Bled Part 2: Vintgar Gorge


I left off last time in the middle of a Slovenian cream cake, which is a good place to take a break. Bled has so many amazing things to do and somehow Mo and I managed to cram it all into one day. Looking back I’m not quite sure how we managed to do it, but truthfully we didn’t feel rushed. I guess it helps that everything in Bled is very close together. I think if we had decided to stay a bit longer we could have lounged around a little, but since it was the beginning of my trip I wasn’t really ready for lounging– I was ready to roll.

After our cream cake siesta we headed for the bus stop for the short trip to Vintgar Gorge. It was a very short trip. Vintgar Gorge is located just outside the town of Vintgar, along the bus route that leads to the town of Podhom. The ride from Bled is maybe ten minutes and, if we hadn’t been stuffed with cake and tired from swimming to a church, we probably would have walked.

The bus dropped us off at the edge of town and one of the loveliest parts of the trip was walking through the town Vintgar. Cute is the only word for it. The houses are all very traditionally Slovenian with wooden siding and window boxes of geraniums. Carefully tended vegetable gardens highlight every front yard and playing children look up from playing. Of all the places I’ve been so far, the town of Vingar (and Bled) probably top my list of places to raise a family. The Slovenian countryside is a kid’s paradise.

The adorable town of Vintgar
The adorable town of Vintgar

 

Geraniums seem to be Slovenia's national flower.
Geraniums seem to be Slovenia’s national flower.

After a ten minute walk we reached the start of the gorge. What sets Vintgar apart from other hiking trails, other than its amazing beauty, is the winding wooden walkway that threads the trail through the narrow gorge, right next to the water. At first I thought the hike would be a small thing, a quick ‘Oh look! A pretty waterfall!’ a kind of hike. But Vintgar, like most of Slovenia, takes you by surprise. We bought our tickets at the alpine outpost near the trail-head (where you can also purchase postcards of naked ladies lounging by the falls, just in case you were wondering) and started on the hike. It wasn’t a difficult hike by any means but it was very peaceful and luxurious. The gorge towers on either side of the rushing stream that tumbles over rapids.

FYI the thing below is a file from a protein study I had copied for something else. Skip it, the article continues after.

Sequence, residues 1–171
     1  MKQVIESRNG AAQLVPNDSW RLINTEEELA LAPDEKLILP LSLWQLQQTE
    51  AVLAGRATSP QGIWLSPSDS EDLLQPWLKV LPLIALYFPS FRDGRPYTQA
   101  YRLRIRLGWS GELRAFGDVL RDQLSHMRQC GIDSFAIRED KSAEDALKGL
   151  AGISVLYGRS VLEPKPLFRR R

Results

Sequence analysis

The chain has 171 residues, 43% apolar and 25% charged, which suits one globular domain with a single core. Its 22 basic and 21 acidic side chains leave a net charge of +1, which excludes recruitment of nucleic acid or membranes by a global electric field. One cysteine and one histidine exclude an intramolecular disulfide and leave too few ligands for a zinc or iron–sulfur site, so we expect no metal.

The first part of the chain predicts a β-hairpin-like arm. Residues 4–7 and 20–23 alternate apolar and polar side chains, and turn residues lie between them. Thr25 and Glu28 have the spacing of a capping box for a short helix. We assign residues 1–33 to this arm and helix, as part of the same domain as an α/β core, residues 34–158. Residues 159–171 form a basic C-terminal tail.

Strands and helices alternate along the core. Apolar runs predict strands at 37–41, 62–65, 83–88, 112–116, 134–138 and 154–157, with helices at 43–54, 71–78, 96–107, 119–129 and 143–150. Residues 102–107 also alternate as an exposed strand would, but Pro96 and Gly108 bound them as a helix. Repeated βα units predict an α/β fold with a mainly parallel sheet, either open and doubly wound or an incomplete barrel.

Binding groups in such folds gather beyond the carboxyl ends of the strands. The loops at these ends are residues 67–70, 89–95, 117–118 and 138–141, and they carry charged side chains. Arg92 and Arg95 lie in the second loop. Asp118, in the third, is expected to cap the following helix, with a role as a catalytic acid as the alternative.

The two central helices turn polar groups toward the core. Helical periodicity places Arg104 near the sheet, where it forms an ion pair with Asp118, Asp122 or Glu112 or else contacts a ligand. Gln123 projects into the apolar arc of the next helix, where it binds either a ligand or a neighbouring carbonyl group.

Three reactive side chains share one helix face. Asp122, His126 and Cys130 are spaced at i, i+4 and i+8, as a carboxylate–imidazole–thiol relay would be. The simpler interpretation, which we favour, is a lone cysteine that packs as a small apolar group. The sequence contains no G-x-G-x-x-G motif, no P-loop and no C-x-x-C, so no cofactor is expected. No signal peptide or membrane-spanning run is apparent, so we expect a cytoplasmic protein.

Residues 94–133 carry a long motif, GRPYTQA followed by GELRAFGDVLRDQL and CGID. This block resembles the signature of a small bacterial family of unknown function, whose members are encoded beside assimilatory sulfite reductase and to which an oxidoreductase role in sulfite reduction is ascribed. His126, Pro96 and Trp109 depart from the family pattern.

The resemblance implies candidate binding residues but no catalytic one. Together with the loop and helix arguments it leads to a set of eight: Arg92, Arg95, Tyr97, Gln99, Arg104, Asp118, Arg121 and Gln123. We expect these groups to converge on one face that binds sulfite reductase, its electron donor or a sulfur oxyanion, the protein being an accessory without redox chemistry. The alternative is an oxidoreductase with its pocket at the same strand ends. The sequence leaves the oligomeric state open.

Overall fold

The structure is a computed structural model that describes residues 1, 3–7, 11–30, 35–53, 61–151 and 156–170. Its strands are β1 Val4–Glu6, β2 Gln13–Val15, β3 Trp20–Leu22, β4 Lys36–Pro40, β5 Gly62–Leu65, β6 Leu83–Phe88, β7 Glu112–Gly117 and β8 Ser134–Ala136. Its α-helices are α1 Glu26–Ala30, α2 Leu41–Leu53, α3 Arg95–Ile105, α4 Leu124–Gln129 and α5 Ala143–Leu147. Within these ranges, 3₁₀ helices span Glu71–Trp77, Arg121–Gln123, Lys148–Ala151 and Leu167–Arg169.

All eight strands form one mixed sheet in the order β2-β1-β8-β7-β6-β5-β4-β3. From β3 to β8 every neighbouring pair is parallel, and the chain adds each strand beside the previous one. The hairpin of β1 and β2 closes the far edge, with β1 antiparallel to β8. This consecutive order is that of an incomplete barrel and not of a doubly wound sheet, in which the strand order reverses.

Vintgar 3
The Vintgar gorge path

Finally we reached the puzzle-worthy site on the hike, the falls. At first we passed a man-made concrete spillway and were a little worried that the guidebooks might have been pulling our leg about the falls, but around the next bend we saw the falls we were looking for. The afternoon sunlight was filtering through the mist and everything looked kind of magical.

The Vintgar falls.
The Vintgar falls.

At the end of the road we passed to ticket outpost to catch the travelers coming from Podhom. And then we got confused. Both our guide from the hostel and our Jedi Master Rick Steves mentioned a separate trail that could take us back to Bled by a different route and included some lovely views. But, once we reached the dirt road on the back side of the gorge it was very clear that we were going toward Podhom. We looked back toward the gorge and only saw rising cliffs that we weren’t sure how we were supposed to climb. I guess the Vintgar ‘gorge’ is called a gorge for a reason. We looked around for the trail a little while longer but decided it wouldn’t be such a crime to have to walk back through the gorge. We nodded to the man at the ticket booth (I guess he remembered seeing two dorky travelers pass by his booth a few times looking very lost) and headed back through the gorge.